GRAYSON COUNTY, TX -- In the past year alone we have reported more than 10 pedestrian accidents on Texoma roads. In fact just after 8:00 Friday night Denison Police report a teenager was walking down South Fannin Avenue when he was hit by a vehicle. Thankfully he was not seriously hurt, but over the summer months police say more people choose to walk to their destinations and they want to share a few safety tips with both drivers and pedestrians.
In January a man was killed when he was struck by a semi while reportedly crossing U.S. Highway 75 in Sherman and less than a month earlier Denison Police say an 18-year-old also died after being struck by a vehicle on 75.
"Any of them that are fatalities are too many," Eppler said.
Lt. Mike Eppler with Denison Police says often pedestrian accidents can be prevented.
"We see probably more where pedestrians are in a position where they're just really too close to the roadway," Eppler said.
Many drivers have had a near miss with a pedestrian. Kim Hughes says just a couple weeks ago she nearly hit a man on Highway 75.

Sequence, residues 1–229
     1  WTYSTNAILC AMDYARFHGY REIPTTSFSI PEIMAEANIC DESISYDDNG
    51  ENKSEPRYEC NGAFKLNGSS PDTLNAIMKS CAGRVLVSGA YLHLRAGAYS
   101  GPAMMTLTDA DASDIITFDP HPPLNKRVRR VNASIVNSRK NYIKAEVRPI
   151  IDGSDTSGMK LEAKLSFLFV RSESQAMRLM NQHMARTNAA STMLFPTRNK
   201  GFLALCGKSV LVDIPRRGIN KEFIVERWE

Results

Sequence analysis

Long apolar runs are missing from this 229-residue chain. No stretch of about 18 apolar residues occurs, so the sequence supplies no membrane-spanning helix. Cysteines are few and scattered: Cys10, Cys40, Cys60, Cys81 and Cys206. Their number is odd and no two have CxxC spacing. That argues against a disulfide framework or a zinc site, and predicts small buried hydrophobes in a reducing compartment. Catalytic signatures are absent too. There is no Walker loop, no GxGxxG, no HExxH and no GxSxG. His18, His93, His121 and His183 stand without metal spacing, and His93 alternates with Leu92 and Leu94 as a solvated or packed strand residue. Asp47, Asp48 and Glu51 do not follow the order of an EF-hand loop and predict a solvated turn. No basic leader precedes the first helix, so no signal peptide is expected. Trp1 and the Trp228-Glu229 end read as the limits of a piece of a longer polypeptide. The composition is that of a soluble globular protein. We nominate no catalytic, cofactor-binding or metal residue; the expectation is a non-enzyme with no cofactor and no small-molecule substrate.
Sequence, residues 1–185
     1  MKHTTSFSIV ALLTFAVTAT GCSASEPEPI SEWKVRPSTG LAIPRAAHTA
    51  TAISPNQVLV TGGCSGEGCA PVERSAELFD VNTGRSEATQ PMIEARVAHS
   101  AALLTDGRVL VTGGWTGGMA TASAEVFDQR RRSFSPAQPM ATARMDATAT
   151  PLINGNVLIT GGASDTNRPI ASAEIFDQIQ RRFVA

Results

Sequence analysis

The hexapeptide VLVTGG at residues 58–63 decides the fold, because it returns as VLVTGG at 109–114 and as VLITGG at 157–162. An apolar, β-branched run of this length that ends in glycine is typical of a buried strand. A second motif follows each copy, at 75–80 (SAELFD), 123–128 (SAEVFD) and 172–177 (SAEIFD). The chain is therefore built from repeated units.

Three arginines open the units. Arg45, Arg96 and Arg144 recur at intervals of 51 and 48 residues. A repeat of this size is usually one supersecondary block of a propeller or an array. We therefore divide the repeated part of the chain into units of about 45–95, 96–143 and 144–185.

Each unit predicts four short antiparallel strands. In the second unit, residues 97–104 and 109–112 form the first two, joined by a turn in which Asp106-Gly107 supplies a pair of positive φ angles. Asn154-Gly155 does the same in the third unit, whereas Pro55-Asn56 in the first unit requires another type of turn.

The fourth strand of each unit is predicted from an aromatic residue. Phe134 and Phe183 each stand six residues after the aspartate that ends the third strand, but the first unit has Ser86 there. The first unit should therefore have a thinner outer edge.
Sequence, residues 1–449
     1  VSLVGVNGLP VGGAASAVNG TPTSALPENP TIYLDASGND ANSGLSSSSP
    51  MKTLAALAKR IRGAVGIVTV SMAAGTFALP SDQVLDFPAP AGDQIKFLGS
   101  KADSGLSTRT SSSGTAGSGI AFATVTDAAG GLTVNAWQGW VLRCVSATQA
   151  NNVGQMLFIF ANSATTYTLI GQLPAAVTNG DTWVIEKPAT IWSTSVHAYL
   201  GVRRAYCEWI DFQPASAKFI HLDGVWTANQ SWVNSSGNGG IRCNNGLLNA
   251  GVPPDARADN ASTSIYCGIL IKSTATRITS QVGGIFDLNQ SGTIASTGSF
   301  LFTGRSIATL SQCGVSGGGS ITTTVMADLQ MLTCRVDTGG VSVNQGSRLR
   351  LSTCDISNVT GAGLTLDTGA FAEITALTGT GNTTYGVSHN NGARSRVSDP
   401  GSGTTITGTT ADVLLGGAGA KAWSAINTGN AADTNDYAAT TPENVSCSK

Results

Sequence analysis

"There was a man walking on the bridge where there was not a shoulder and I was really frightened that I was going to hit him because I had to look in my rear view mirror to see if there was something coming so I could move over," Hughes said.
"Especially at night when they're wearing dark clothing. I mean it's hard to see them and if it's a little misty, foggy or rainy and they're walking close to the road. You just can't see them until you're right on them," Jim Daffren said.
"We just highly encourage people to not get around the busy highways unless it's an absolute necessity," Eppler said.
If you do find yourself walking along a busy highway police say you need to be walking in the grass, towards oncoming traffic, wearing bright, reflective clothing.
Eppler says it is not just on-foot travelers that need to be vigilant, drivers do too.
"Aim high in steering. Look down the road and see what's in front of you. Don't just focus on what's right in front of your vehicle because you won't have enough time to react if something does happen," Eppler said.
Eppler adds people walking in the roadway can face up to a $146 dollar fine.